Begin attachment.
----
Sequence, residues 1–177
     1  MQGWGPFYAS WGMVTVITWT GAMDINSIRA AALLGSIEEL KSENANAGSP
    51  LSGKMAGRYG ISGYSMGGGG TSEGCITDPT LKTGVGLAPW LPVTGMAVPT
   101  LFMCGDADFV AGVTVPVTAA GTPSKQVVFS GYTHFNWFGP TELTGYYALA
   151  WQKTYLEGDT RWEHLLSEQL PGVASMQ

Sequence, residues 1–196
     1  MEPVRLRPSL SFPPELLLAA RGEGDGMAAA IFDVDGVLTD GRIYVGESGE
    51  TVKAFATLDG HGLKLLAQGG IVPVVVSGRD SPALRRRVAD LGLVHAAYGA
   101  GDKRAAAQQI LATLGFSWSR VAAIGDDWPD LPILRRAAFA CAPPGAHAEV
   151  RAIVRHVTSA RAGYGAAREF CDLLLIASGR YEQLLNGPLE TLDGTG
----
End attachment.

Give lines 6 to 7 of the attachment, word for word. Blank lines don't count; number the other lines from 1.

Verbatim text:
Sequence, residues 1–196
     1  MEPVRLRPSL SFPPELLLAA RGEGDGMAAA IFDVDGVLTD GRIYVGESGE